Blueberries: known for their high antioxidant content, which has been shown to protect brain cells and improve brain functioning.

Cucumbers: contain 96% water and are a good source of vitamins B and C, which are essential for cognitive health.

Watermelons: contain 92% water and are a good source of lycopene, an antioxidant that has been shown to improve cognitive functioning.

So, if you’re looking to improve your mental health and rehydrate your brain, we recommend adding more fruits and vegetables to your diet.

6) Train your brain

Just like you train your body, you can also train your brain.

Brain training exercises help improve brain function by increasing brain plasticity.

Brain plasticity is the brain’s ability to change and adapt in response to new experiences.

Aerobic exercise has been shown to increase brain plasticity.

But brain training exercises are also effective.

One study showed that brain training can help improve memory and attention in healthy adults.

Another study showed that brain training games, especially chess, can help reduce the risk of developing dementia.

There are many brain training exercises you can do, but some of the most popular ones include:

  • Memory games: these exercises help improve your memory and brain function.
  • Logic puzzles: these exercises help improve your problem-solving skills and overall cognitive function.
  • Brain teasers: these exercises help improve your critical thinking skills and brain function. 
  • Crosswords: these exercises help improve your vocabulary and brain function.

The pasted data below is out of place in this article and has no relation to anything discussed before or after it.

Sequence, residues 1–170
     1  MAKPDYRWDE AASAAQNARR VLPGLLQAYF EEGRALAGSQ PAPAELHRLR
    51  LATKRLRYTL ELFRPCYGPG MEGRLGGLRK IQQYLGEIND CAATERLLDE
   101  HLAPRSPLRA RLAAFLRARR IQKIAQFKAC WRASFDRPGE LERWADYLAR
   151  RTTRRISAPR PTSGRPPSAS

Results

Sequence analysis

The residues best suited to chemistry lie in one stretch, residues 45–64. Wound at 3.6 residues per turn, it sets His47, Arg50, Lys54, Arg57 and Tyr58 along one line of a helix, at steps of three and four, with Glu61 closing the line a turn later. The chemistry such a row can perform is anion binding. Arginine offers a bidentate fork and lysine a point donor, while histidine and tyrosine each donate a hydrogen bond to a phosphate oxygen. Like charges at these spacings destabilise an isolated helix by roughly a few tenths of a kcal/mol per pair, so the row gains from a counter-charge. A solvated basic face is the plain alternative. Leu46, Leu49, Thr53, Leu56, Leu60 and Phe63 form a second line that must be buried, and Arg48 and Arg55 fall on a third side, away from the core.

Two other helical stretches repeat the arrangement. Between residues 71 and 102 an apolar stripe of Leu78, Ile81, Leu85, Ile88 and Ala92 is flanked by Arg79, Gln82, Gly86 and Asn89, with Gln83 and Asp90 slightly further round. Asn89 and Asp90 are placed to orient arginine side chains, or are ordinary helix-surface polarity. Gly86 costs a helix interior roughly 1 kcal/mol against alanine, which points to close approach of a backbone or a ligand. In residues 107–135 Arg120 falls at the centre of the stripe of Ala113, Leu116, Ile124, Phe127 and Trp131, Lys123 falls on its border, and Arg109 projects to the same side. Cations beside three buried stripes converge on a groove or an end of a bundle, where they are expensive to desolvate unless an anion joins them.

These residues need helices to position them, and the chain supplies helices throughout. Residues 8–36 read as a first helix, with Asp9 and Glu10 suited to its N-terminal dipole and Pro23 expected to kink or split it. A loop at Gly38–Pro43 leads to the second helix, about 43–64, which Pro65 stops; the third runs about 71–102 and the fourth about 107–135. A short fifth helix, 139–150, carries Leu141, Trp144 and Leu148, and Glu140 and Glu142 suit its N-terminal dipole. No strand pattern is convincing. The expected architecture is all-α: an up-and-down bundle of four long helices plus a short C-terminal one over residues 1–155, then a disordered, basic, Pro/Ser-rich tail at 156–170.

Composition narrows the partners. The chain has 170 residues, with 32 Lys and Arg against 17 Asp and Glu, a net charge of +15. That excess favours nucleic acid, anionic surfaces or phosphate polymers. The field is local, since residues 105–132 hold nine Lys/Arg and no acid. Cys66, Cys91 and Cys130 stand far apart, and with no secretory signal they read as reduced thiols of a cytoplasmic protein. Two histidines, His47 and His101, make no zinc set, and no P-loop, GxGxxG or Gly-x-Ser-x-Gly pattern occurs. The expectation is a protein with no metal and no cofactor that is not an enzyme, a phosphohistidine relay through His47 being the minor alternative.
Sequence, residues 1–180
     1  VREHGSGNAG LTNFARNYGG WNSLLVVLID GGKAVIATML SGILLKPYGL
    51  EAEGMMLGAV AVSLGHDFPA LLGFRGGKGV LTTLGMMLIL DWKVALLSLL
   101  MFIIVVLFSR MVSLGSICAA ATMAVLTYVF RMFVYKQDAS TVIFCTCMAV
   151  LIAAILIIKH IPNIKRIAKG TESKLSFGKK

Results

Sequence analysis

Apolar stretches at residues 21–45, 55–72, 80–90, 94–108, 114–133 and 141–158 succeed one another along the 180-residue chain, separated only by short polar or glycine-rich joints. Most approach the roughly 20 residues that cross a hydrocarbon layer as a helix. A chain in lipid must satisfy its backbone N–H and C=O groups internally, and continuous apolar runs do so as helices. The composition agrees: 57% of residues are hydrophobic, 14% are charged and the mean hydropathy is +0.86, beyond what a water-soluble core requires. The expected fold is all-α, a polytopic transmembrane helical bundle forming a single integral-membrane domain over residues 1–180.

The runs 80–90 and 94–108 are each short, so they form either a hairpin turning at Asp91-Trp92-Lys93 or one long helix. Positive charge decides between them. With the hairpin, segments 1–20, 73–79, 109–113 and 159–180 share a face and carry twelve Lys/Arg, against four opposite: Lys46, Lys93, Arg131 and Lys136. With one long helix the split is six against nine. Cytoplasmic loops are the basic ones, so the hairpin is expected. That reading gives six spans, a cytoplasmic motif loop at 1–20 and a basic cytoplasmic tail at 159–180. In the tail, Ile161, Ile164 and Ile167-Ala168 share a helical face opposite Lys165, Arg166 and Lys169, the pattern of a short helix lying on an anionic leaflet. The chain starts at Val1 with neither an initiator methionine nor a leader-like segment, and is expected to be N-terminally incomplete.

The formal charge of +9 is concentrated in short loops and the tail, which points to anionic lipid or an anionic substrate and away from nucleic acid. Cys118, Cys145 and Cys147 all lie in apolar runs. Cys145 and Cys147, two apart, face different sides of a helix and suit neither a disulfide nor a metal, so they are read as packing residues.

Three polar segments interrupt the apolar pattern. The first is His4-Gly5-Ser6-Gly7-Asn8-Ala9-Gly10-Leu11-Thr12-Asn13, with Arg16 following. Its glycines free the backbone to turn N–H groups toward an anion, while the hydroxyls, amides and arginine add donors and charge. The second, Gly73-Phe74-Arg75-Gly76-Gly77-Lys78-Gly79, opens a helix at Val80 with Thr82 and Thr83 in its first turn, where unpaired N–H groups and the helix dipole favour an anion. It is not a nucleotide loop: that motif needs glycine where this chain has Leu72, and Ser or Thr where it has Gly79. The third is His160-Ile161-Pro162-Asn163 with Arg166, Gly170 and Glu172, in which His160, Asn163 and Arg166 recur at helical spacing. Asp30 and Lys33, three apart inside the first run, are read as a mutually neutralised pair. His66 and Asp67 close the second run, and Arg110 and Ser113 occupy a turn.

So, if you’re looking to improve your mental clarity, we recommend doing brain training games regularly.

7) Spending time in nature

Spending time in nature has been shown to be beneficial for cognitive health.

A study showed that spending time in green space can help improve brain function.

Another study showed that taking a walk in the park or going outside, even in the cold, can help improve memory and attention.

So, if you’re looking to improve your mental health, we recommend spending time in nature.

There are many ways to do this, such as:

  • Taking a walk in the park
  • Going for a hike in the woods
  • Sitting outside in the sun
  • Spending time at the beach

There you have it! Seven brain fog help tips that are backed by research.

We hope you found this article helpful and that you now have a better understanding of how to help brain fog.

If you’re looking for more information about brain fog treatment, we recommend checking more resources we have on our website—you can access them for free.

We have many articles about the topic, as well as an online community where you can ask questions and get support from others.